The Air Force’s budget request for FY 2020 is the second highest it has ever been, even when adjusted for inflation. Yet the size of the Air Force as measured by the number of aircraft in the inventory and the number of active duty military and civilian personnel is near the smallest it has ever been. So why is the Air Force spending more for a smaller force?
Over the past two decades, the Air Force’s budget grew by more than 60 percent, adjusting for inflation, while the number of aircraft declined by 13 percent. One reason people often cite for this apparent discrepancy is the increasing capabilities of modern aircraft. The theory goes that while these aircraft are more expensive to acquire, operate, and maintain, it takes fewer of them to deliver the same combat capability as older aircraft. This is certainly true in some instances, but it does not fully explain why the Air Force’s costs have been growing while the fleet size has been shrinking. Three quarters of the aircraft in the inventory today are the same aircraft that were in the inventory twenty years ago. Moreover, analysis of aircraft total ownership costs and flying hour costs do not clearly correlate with aircraft age. The operating costs of both new and old aircraft are growing.
What the data shows is that the total ownership cost of an aircraft is inversely correlated with the number of aircraft of that type in the inventory. In other words, aircraft that are maintained in smaller numbers tend to have higher operating costs per airframe. The reason for this is simple: a significant part of the operating costs for a given type of aircraft are fixed costs that do not vary with the number of aircraft in the fleet or how many hours they fly. Fixed costs include things like the costs of supporting aircraft-specific maintenance lines, aircrew training, and maintainer training. For small fleets of aircraft, these fixed costs tend to make up a larger share of overall costs and are spread across a smaller number of aircraft, which makes these aircraft more expensive per airframe to keep in the inventory. Small fleets of aircraft are eroding the purchasing power of the Air Force and limiting its ability to grow or even sustain the size of its current force.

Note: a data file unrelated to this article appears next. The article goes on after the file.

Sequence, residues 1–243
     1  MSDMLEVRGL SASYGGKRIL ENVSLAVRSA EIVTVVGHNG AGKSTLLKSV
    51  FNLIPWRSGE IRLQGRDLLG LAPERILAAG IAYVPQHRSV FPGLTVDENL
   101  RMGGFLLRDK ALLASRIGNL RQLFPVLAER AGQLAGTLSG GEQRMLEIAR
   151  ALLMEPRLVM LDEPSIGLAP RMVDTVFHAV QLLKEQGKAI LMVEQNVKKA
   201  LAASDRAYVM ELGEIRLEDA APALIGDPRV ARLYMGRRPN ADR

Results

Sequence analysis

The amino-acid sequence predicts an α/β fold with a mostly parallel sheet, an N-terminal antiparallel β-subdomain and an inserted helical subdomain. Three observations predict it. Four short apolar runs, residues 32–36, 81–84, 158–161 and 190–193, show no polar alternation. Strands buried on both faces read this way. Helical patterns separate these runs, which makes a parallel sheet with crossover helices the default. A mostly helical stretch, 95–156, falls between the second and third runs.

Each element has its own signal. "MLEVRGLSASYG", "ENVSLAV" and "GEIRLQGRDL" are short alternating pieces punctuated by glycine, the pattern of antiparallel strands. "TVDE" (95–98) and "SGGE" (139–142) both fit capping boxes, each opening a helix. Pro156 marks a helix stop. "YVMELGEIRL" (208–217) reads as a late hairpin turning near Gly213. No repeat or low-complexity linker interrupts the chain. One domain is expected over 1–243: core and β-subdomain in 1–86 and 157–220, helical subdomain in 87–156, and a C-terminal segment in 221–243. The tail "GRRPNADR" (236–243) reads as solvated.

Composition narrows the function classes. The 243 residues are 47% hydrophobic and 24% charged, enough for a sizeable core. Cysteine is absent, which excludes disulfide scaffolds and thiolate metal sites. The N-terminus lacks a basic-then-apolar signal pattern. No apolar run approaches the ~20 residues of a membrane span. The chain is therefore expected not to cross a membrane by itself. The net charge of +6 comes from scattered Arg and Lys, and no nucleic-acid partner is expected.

This is a problem that has been gradually building over time. In the post-Cold War drawdown, the Air Force downsized primarily by making partial fleet reductions. For example, it cut the number of A-10s by 58 percent, B-1s by 37 percent, F-15s by 50 percent, and F-16s by 48 percent. While some aircraft types were eliminated completely, such as the F-117, C-141, and T-37, in many cases the Air Force merely reduced the number of aircraft of a given type.
As shown in the figure below, the number of unique aircraft types in the fleet has remained near the level it was at the peak of the Cold War while the total inventory has declined by nearly half. The result is smaller fleet sizes. In FY 1986, for example, the average fleet size was 160 aircraft per type. Today the average fleet size is 97 aircraft per type, and 12 percent of the inventory is in aircraft types that have less than 60 aircraft each.